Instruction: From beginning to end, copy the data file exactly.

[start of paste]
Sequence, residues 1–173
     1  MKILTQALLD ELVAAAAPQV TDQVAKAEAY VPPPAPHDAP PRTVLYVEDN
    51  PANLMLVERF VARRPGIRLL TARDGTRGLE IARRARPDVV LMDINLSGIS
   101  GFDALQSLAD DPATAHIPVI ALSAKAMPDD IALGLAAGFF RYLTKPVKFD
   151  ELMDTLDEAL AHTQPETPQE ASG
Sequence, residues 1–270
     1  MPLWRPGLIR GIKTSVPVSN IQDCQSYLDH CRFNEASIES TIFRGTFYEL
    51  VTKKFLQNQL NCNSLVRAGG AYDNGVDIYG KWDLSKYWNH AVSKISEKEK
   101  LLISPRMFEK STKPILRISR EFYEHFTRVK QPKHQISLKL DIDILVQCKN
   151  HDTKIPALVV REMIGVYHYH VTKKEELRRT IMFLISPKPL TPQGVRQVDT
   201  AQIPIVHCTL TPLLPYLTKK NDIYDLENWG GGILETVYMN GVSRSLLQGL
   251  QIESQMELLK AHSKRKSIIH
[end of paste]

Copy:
Sequence, residues 1–173
     1  MKILTQALLD ELVAAAAPQV TDQVAKAEAY VPPPAPHDAP PRTVLYVEDN
    51  PANLMLVERF VARRPGIRLL TARDGTRGLE IARRARPDVV LMDINLSGIS
   101  GFDALQSLAD DPATAHIPVI ALSAKAMPDD IALGLAAGFF RYLTKPVKFD
   151  ELMDTLDEAL AHTQPETPQE ASG
Sequence, residues 1–270
     1  MPLWRPGLIR GIKTSVPVSN IQDCQSYLDH CRFNEASIES TIFRGTFYEL
    51  VTKKFLQNQL NCNSLVRAGG AYDNGVDIYG KWDLSKYWNH AVSKISEKEK
   101  LLISPRMFEK STKPILRISR EFYEHFTRVK QPKHQISLKL DIDILVQCKN
   151  HDTKIPALVV REMIGVYHYH VTKKEELRRT IMFLISPKPL TPQGVRQVDT
   201  AQIPIVHCTL TPLLPYLTKK NDIYDLENWG GGILETVYMN GVSRSLLQGL
   251  QIESQMELLK AHSKRKSIIH